Love hurts, but so does a $140,000 phone bill.
Kevin Waldrum, a 45-year-old man from the United Kingdom, is learning that the hard way after a rough breakup led to two months of nearly continuous calls to Studio 66 TV, a premium adult chat line. Waldrum was slapped with the phone bill after apparently becoming addicted to the $3-per-minute service, according to a BPM Media report provided to the Huffington Post UK.
Waldrum acknowledges he's responsible for calling the service incessantly for two months in 2012, but says he believes the company should have cut him off before the bills skyrocketed.
After a nearly $30,000 bill arrived, Waldrum paid no attention and kept calling. He also ordered a replacement SIM card after his cell carrier, Vodafone, cut him off, company representative Libby Pritchard told The Huffington Post in an email.
Pritchard expressed sympathy for Waldrum's situation and mentioned the company had waived more than $90,000 of the bill, leaving him responsible for the remaining $50,000 or so. Ultimately, however, "We cannot manage our customers’ spending for them but if we are aware of an unusual high spending pattern we will try to alert them to it," she said.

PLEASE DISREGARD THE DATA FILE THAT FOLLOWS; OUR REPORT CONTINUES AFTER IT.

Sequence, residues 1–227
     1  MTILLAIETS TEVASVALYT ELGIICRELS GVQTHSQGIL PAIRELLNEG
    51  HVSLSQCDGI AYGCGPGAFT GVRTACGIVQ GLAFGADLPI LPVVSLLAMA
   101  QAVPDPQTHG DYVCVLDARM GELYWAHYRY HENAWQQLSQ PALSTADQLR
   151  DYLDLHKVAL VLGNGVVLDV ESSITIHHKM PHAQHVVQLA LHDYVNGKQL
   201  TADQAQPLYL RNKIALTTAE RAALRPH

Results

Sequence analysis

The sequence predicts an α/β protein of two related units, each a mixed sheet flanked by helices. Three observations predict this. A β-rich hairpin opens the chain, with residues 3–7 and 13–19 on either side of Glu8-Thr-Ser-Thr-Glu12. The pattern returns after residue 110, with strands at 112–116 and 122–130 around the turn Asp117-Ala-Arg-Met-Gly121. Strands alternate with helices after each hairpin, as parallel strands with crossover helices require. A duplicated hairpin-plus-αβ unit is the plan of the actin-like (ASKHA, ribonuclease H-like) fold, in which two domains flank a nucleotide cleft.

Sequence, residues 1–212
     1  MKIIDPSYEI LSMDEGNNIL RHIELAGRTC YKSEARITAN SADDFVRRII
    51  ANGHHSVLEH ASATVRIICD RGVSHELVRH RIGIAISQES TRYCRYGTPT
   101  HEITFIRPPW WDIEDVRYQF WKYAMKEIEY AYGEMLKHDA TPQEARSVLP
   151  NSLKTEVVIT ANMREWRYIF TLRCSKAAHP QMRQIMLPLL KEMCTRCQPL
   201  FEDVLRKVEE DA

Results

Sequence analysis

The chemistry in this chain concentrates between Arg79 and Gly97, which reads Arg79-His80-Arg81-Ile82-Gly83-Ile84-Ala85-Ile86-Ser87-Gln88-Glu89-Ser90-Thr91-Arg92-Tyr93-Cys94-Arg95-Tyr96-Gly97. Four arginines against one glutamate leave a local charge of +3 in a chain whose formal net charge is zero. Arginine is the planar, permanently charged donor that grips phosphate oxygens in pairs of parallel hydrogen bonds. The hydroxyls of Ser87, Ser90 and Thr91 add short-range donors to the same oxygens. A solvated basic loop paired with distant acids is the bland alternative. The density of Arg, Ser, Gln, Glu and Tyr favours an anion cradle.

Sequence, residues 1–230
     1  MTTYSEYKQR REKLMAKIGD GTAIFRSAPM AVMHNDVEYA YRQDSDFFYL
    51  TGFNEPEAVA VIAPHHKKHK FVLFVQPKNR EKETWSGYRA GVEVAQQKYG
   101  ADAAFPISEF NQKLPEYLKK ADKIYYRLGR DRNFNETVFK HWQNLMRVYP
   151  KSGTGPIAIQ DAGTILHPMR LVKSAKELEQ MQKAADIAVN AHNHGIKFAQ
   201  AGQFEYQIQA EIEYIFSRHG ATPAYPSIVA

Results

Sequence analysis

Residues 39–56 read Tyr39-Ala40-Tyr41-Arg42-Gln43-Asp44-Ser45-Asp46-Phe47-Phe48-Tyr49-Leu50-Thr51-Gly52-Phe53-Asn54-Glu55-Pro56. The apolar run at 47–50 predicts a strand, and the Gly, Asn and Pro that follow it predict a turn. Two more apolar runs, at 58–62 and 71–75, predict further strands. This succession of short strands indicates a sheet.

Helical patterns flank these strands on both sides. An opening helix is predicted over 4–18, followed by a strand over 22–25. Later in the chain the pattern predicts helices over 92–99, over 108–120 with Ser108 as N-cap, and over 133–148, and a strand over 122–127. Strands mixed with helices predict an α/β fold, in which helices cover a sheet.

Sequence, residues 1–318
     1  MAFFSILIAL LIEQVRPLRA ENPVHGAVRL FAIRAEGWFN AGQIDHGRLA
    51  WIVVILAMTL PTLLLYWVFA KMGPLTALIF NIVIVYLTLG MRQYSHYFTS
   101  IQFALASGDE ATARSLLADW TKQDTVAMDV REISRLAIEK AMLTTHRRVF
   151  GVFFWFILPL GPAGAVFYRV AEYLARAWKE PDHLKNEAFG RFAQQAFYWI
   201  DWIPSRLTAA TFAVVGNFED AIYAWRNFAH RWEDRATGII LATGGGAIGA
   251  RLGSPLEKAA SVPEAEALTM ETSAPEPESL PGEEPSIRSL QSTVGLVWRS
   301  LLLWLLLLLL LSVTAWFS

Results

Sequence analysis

While Vodafone has worked to drop his bill, others have been far less understanding, expressing their sentiment on social media.
One tweet joked that blaming Vodafone for his bill is like "blaming a fork for eating too much," while another user asked, "Does no-one feel the need to take personal responsibility for their actions these days?"
Phonepay Plus, the U.K. agency responsible for regulating these services, mandates "premium rate" calls automatically end once the user has been charged £25 (about $40). Given Waldrum's monumental bill, he had to have called the chat line more than 3,600 times in two months (about 60 times per day).
When it comes to bill shock, though, Waldrum doesn't hold a candle to Solenne San Jose, a French woman who received a phone bill for about $15 quadrillion in 2012. However, San Jose's phone bill was later waived as part of a printing error.
Visit HuffPost UK for more details on Kevin Waldrum's story.
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